The securities and banking industries have asked for an additional extension of the phased-in timeline for the Foreign Account Tax Compliance Act (FATCA). In a letter to the Treasury and IRS, SIFMA and the American Bankers Association, as well as the Institute of International Bankers, said that a number of significant gaps in guidance remain, as well as numerous unanswered implementation questions that must be addressed by the IRS. While banks and securities firms are working diligently to implement FATCA, noted the letter, without the Final Guidance firms cannot complete their implementation plans, finalize budgets, prepare needed written procedures, hire and train internal personnel, educate clients, and develop and test the systems changes required for compliance with FATCA. The industry associations believe that it would be appropriate to extend further certain milestone dates in order to help ensure a smooth transition to the FATCA regime and minimize the prospects of over withholding and, more broadly, the potential for significant disruption to the financial markets.
Passed in 2010 as part of the Hiring Incentives to Restore Employment Act (HIRE), FATCA creates a new reporting and taxing regime for foreign financial institutions with
U.S. accountholders. FATCA adds a
new Chapter 4 to the Internal Revenue Code, essentially requiring foreign
financial institutions to identify their customers who are U.S. Persons or
U.S.-owned foreign entities and then report to the IRS on all payments to, or
activity in the accounts of, those persons.
The Act broadly defines foreign financial institution to comprise not only foreign banks but also any foreign entity engaged primarily in the business of investing or trading in securities, partnership interests, commodities or any derivative interests therein. According to the Joint Committee on Taxation, investment vehicles such as hedge funds and private equity funds fall within this definition. Firms meeting the definition must enter into agreements with the IRS and report information annually in order to avoid a new
U.S. withholding tax.
extension requests. Specifically,
SIFMA and the ABA ABA
request an additional six-month
extension for withholding that is scheduled to take place beginning on July 1,
2014, so that withholding begins with payments made after December 31, 2014. In
addition, the definition of a grandfathered obligation, including associated
collateral, should be extended to obligations outstanding as of January 1,
Similarly, they request an additional six-month extension for withholding documentation set to expire on June 30, 2014, so that such documentation would expire on December 31, 2014. Since information reporting and withholding systems are based on the calendar year, the banking and securities industries have a strong preference for January 1 effective dates. The mid-year effective date for withholding and due diligence procedures, as well as the mid-year expiration date for Forms W-8, presents an additional and unexpected challenge for FATCA implementation teams.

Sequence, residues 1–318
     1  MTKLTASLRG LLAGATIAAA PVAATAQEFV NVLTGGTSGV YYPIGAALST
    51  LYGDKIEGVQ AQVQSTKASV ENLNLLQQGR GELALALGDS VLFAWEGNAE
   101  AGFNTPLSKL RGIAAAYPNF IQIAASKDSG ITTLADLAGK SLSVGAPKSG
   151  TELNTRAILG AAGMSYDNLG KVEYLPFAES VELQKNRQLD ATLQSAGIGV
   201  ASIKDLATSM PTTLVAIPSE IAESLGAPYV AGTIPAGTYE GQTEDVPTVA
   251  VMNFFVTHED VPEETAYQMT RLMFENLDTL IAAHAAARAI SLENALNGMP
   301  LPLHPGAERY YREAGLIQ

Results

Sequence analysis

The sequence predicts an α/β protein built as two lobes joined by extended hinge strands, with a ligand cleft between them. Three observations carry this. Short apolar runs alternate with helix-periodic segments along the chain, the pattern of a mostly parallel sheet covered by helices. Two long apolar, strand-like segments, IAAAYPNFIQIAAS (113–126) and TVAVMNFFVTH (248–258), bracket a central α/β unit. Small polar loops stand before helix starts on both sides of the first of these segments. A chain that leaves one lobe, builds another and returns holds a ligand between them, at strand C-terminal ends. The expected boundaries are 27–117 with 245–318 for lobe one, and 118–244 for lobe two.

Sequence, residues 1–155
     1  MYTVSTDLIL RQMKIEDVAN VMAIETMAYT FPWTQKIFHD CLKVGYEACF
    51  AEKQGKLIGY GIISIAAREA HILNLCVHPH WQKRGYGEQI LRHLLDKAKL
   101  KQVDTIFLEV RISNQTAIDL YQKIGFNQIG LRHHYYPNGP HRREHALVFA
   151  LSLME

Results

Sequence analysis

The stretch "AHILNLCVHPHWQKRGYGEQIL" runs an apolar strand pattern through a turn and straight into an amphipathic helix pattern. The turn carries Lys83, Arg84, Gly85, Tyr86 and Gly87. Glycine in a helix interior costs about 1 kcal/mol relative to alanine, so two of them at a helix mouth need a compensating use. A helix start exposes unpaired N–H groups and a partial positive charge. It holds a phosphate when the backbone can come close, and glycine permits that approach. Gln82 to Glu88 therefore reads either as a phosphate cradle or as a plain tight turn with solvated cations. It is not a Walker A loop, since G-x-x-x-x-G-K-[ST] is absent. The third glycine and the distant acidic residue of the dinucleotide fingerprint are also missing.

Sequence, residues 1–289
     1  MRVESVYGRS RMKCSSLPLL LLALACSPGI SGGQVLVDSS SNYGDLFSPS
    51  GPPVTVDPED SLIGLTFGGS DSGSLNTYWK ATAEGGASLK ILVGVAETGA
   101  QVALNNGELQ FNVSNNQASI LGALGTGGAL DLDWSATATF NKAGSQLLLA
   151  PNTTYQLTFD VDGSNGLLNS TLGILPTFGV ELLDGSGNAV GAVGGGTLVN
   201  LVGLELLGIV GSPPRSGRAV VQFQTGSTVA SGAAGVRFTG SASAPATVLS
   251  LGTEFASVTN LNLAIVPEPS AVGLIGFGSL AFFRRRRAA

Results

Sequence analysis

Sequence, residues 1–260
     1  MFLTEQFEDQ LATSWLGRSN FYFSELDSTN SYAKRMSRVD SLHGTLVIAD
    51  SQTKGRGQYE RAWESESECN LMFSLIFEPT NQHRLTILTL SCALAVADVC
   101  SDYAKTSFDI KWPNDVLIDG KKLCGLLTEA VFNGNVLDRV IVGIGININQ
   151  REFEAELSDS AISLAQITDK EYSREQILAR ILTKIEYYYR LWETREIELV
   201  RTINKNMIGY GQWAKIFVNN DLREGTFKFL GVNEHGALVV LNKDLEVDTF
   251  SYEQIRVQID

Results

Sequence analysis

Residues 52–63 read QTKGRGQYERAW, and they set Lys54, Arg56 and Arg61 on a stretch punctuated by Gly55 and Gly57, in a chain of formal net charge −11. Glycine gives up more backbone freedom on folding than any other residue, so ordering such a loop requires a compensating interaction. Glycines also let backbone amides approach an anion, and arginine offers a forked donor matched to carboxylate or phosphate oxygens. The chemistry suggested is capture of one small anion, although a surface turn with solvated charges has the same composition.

Draft Form W-8BEN-E is a highly complex 8-page form that will require significant employee training on how to validate the form, said the associations. Banks and securities firms, as requesters of withholding certificates, will play an integral part in the education of their non-U.S. clients and will need time to educate clients on the completion and use of the new Form W-8 series once the forms and instructions are issued in final form.
They also request that FATCA reporting for 2014 (via Form 8966) should apply only to accounts designated by a participating foreign financial institution as held by a
U.S. citizen or
resident on December 31, 2014, and identifiable via electronic search. In
addition, reporting for calendar year 2014 should be delayed one year so that
reporting for calendar years 2014 and 2015 would be provided by March 31, 2016.
Under this approach, firms would be permitted to voluntarily report earlier in
order to test the reporting systems. All other FATCA-related reporting
requirements7 should be postponed to be effective for
payments made beginning in calendar year 2015.
IGAs. SIFMA and the
ABA also emphasized that
FATCA implementation has been further impacted by the lengthy process of
negotiating IGAs between Treasury and foreign governments. Not only will global
financial institutions doing business in IGA jurisdictions be required to
implement certain aspects of FATCA under IRS regulations, said the groups, they
will also be required to comply with varying IGA requirements in the approximately
80 jurisdictions expected to enter into IGAs.
Moreover, of the ten IGAs that have been executed to date, only the
United Kingdom has issued
comprehensive guidance for implementation. While it is helpful that signed IGAs
can be recognized as being in effect, banks and securities firms still are
faced with the prospect of being required to program their systems for the
FATCA regulations and then having to subsequently reprogram these systems and
revise their procedures on a country-by-country basis as IGAs are implemented
and local guidance is released. Therefore, the associations believe that
additional time is needed for the Treasury and foreign jurisdictions to
conclude the new IGAs and enable financial institutions operating in those
countries to implement FATCA just once.